By Suzi Parker
LITTLE ROCK, Arkansas (Reuters) - The Republican-controlled Arkansas state Senate approved a bill on Wednesday that would exempt from public disclosure the names and zip codes of gun owners, those with permits to carry concealed guns and permit applicants.
The bill comes in response to the controversy late last year over a New York newspaper's decision to publish the names and addresses of thousands of gun permit holders on its website after a shooting rampage at a Newtown, Connecticut, elementary school that killed 20 children and six adults.
The Journal News, which serves suburbs just north of New York City in Westchester and Rockland counties, pulled the information from its site last month.
The Arkansas bill, which passed the Senate 24-9, now moves to the state House of Representatives, which is also controlled by Republicans. Governor Mike Beebe, a Democrat, has said he opposes the bill because it restricts the state's Freedom of Information Act.
Republican state Senator Bruce Holland, the bill's sponsor, said he introduced the legislation after a constituent contacted him with concerns about the Journal News' actions.
In January, New York included a similar provision when it passed a sweeping gun control and mental health law in response to the Newtown massacre. Kansas, Oregon, South Carolina and Kentucky have similar laws, according to the National Conference of State Legislatures.
"You lose the element of surprise when criminals potentially have access to a public database of known gun owners," said Nicholas Stehle, a member of the board of directors of the advocacy group Arkansas Carry.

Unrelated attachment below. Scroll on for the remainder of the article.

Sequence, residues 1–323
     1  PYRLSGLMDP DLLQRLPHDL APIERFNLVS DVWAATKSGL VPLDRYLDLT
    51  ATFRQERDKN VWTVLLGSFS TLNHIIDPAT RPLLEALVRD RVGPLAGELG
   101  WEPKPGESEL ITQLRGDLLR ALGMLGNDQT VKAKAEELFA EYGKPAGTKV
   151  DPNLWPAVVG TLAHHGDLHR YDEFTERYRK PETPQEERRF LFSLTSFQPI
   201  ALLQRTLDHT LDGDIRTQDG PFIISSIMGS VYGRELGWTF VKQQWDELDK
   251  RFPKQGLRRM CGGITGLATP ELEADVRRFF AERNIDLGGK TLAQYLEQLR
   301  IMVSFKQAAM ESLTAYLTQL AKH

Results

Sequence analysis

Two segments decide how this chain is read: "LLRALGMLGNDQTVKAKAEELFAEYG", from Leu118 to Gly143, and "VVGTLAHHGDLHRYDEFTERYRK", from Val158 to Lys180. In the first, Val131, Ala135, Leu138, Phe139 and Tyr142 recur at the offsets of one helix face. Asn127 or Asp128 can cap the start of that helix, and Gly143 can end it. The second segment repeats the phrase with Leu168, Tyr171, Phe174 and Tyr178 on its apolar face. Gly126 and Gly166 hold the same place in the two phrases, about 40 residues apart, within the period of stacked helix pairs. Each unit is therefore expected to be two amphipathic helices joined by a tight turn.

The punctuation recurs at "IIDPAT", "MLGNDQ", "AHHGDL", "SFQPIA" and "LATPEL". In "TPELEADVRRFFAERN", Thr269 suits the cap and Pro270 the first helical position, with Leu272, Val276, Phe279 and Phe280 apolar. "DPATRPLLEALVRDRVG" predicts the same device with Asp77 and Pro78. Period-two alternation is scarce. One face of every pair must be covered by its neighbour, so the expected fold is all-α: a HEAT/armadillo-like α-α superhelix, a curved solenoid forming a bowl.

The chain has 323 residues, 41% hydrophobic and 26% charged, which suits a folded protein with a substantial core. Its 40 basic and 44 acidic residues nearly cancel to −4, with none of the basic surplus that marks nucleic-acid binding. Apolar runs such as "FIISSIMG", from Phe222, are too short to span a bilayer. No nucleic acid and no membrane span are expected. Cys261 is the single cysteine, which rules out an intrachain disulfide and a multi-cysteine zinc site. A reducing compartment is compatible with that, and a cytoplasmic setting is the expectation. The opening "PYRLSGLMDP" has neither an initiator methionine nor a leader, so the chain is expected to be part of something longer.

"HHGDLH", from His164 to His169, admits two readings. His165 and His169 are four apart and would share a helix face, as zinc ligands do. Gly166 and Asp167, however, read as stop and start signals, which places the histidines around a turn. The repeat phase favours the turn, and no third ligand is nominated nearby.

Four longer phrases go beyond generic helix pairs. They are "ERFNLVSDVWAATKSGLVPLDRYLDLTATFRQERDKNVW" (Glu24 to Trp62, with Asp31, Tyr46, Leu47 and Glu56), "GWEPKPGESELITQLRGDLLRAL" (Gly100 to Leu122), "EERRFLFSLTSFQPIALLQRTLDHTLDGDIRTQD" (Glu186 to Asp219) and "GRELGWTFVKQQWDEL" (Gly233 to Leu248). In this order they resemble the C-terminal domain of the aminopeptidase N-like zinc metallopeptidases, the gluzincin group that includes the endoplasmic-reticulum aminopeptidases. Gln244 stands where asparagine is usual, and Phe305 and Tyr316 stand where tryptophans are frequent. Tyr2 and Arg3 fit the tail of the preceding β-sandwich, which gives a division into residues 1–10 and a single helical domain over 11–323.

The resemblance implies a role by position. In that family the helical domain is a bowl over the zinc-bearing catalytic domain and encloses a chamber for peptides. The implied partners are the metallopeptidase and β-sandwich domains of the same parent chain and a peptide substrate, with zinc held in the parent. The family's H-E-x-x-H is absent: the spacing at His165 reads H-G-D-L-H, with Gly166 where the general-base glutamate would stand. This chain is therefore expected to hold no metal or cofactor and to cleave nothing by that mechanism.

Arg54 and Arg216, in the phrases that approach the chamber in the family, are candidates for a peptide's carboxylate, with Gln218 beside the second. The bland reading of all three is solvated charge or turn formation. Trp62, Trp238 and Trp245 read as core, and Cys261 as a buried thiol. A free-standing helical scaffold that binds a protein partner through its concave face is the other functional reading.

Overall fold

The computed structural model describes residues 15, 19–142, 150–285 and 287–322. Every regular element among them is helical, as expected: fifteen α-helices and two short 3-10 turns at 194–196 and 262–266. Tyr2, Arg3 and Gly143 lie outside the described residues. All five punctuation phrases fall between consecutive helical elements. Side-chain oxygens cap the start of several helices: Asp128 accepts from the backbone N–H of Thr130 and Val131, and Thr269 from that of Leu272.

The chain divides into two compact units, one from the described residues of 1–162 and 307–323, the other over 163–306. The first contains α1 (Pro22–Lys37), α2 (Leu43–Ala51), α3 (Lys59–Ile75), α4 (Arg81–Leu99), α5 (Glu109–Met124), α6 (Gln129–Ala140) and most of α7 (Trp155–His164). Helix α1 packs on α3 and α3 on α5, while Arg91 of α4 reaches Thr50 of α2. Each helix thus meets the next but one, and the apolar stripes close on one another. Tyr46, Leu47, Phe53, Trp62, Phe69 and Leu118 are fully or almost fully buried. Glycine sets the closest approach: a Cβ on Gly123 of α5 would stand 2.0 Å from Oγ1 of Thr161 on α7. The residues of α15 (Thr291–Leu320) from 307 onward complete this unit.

Names and zip codes are "more information than I'd be comfortable sharing if I were a single woman with an abusive ex-husband," he said.
In 2009, a similar push was made in Arkansas to restrict all information about gun owners. Lawmakers reached a compromise to release only the names and zip codes under the state's Freedom of Information Act. Beebe signed that bill into law.
Tres Williams, communications director for the Arkansas Press Association, said the matter was not about guns but freedom of information.
"It is unnecessary and it voids the compromise from the 2009 General Assembly where we came up with how to deal with personal privacy and open government," Williams said. "We will continue to fight this bill."
Arkansas lawmakers are considering several gun-related bills. Earlier this week, the House approved a bill to allow concealed gun permit-holders to take their weapons into churches. The Senate had already passed that measure and the governor is expected to sign it into law.
(Editing by Edith Honan, Corrie MacLaggan and Peter Cooney)